Add to it that by the same logic, he knew less of other's (competitor contenders) work, not to mention the over-valuation one seems to do of one's own work.

Krishna Kumar C N wrote on Tue, 28 Dec 2010 13:18

Re: Einstein Nobel futures contract

Dr Varma,

Respected Sir,

Ronald Coase got the Nobel prize after 60 years in 1991. The original work was published in 1931? He graduated in the year 1932.

Is his theorem being used to allocate "Spectrum."

G. Sreekumar wrote on Mon, 27 Dec 2010 22:05

Re: Einstein Nobel futures contract

More specifically, Einstein got the Nobel for the Photoelectric effect. Moreover, it is not uncommon for physicists also to have to wait long for a Nobel? The most notable example being that of Subrahmanyam Chandreasekhar who got the Nobel in 1983 for work done in the 1930s! Apparently, he was irked by the fact that the citation completely ignored all his later work.

Rabi wrote on Wed, 29 Dec 2010 17:18

Re: Einstein Nobel futures contract

Sir, This one gives a picture on prevalence of future contract without formal naming. conclusions- the lady was risk loving one her analysis were perfect the team so gave the suggestions were having faith on einst. she had more detailed knowledge about emotional and personal life of einst.

Besides the technical aspect on risk evaluation the legal part is also interesting.

ketan wrote on Thu, 30 Dec 2010 17:30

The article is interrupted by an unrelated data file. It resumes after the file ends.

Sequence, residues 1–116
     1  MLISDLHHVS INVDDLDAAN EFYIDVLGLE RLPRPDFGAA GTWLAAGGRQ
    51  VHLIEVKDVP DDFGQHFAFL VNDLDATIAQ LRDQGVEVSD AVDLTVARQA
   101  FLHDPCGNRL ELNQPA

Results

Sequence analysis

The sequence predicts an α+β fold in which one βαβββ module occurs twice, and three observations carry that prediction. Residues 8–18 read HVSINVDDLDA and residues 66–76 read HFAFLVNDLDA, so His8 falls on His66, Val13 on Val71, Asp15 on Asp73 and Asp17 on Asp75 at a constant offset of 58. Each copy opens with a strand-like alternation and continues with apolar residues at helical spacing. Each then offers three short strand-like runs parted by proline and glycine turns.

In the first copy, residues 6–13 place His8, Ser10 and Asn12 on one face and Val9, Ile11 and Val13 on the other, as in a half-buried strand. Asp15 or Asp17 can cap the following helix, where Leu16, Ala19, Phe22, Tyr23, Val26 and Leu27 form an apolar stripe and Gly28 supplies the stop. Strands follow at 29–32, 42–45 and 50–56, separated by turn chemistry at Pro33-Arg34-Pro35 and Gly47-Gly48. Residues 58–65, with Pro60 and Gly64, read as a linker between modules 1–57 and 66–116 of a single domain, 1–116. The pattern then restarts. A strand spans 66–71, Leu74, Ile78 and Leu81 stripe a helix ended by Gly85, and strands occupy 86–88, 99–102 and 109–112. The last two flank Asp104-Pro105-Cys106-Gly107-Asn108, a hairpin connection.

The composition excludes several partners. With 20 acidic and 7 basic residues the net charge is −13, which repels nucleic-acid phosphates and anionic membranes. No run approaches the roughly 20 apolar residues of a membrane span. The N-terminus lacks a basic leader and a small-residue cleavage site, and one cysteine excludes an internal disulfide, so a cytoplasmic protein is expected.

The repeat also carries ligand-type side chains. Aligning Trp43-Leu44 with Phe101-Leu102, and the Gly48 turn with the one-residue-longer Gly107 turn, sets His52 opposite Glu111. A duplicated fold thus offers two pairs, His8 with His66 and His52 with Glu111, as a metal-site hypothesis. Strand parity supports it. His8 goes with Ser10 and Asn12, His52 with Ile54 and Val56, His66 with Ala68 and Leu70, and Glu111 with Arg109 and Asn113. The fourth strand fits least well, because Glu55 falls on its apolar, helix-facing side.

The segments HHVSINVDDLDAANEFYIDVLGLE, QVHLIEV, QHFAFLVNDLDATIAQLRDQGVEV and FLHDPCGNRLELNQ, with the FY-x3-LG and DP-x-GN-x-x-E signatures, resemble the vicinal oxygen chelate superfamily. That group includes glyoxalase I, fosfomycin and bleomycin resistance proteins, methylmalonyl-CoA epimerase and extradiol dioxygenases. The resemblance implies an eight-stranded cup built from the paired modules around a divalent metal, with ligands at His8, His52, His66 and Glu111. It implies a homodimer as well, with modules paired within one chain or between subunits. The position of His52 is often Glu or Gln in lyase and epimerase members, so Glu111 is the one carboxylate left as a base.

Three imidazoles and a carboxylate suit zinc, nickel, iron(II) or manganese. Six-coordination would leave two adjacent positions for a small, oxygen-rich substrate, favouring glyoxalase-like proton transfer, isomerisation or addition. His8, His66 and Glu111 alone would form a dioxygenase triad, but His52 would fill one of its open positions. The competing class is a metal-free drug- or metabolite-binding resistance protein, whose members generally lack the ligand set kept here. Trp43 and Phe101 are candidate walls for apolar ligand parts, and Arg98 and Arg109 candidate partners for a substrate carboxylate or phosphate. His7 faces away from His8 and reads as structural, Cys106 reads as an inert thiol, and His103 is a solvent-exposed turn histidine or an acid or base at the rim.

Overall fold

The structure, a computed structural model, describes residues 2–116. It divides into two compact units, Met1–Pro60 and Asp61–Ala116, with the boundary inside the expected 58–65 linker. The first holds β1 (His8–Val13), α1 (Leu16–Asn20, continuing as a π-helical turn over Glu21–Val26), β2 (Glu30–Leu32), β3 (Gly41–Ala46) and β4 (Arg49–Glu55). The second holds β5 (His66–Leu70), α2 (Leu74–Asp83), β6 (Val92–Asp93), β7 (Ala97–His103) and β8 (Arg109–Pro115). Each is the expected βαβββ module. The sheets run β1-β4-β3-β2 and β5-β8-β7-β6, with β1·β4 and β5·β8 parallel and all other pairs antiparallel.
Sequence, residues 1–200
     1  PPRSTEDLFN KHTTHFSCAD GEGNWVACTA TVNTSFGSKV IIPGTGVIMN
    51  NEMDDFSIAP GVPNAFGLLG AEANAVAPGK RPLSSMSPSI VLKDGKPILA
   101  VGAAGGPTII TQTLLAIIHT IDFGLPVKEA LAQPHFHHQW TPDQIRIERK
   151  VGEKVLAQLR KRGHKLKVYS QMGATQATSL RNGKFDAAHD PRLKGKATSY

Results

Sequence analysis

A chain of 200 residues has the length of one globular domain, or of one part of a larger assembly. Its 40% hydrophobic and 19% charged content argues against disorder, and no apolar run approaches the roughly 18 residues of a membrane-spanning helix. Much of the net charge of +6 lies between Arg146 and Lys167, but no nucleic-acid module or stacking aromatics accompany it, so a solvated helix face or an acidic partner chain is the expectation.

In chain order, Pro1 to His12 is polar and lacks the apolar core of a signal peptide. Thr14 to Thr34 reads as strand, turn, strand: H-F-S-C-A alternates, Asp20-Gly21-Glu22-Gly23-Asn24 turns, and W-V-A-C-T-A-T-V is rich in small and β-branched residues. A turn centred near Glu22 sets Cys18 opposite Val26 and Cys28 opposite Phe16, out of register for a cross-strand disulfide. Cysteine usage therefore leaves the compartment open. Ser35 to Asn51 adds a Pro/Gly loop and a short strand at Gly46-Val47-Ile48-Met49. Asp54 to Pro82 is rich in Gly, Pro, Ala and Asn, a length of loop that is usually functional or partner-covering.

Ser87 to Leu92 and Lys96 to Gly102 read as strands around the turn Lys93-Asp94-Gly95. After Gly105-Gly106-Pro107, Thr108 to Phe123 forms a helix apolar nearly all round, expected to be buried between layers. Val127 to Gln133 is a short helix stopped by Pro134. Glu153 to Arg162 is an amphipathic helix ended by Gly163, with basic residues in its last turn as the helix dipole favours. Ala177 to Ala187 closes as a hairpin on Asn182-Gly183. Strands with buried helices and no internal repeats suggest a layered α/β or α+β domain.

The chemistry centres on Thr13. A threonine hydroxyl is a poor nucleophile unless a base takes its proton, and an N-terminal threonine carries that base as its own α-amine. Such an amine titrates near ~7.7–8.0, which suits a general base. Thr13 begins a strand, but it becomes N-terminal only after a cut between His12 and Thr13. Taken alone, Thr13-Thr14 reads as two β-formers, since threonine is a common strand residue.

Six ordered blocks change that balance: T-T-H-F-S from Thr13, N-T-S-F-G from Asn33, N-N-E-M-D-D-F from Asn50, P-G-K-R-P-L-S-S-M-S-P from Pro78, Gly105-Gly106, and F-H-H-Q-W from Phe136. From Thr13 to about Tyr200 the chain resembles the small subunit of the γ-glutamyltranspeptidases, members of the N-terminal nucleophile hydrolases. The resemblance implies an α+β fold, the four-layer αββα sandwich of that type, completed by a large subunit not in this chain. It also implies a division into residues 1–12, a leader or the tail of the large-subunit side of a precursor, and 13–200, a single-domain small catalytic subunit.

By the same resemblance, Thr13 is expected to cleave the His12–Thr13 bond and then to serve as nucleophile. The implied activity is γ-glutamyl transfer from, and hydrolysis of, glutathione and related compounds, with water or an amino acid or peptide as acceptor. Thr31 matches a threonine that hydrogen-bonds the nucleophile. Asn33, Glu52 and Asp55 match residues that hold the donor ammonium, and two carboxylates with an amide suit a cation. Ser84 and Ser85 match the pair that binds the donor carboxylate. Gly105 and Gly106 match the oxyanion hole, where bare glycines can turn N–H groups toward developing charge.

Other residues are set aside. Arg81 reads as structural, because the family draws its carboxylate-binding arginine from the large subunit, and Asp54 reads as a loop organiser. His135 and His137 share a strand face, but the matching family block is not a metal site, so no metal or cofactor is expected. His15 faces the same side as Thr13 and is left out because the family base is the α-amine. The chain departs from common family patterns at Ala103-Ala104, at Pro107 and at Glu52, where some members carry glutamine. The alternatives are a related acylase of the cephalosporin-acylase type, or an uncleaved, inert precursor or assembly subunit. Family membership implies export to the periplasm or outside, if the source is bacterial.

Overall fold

Re: Einstein Nobel futures contract

Ok, pl lets put basic fundas here, since everybody is throwing in the hat!!

"Futures" contracts are exchange traded & also Standardized. They are mark to market (cash settled) EVERY day.

Forward Contracts are non-standard and available over the counter (OTC). They are not M2M.

There are "strip" contracts, say, where 10 forward years, 5 years from now (2015) are "bunched" together. So in 2015, single year 10 contracts become available for trading. But as of today, these 10 exist as one single strip.

So, as the case is described, it looks like a "strip forward contract" and not a "futures contract".

There are also available other Cx - options, optures (option on futures), futions (futures on an option contract), etc - many exotic types.

Since this is supposedly a top-class blog, better to get more in perspective ! ;-D

hope it helps...

reg ketan

reg ketan

Allen Esterson wrote on Mon, 21 Mar 2011 15:49

Re: Einstein Nobel futures contract

There is a great deal of misinformation here. There was no "futures contract", merely a divorce settlement. Mileva Maric was not a "scientist": she twice failed the Zurich Polytechnic diploma examinations for teaching physics and mathematics in secondary schools, and there is no authenticated original work in physics by her. There is no evidence that she was a sounding-board for the 1905 relativity paper: Michele Besso played that role. As to the story that Maric consulted other scientists and worked out the odds, that seems to be a figment of Isaacson's imaginination. It is not in any of the Einstein biographies, including his own!

jackie wrote on Sun, 28 Jul 2013 13:57

Re: Einstein Nobel futures contract

Alimony and child support. There were two children, one was mentally disabled. She cared for both of them. The wife was a cousin, cousin marriage was common in Europe at that time.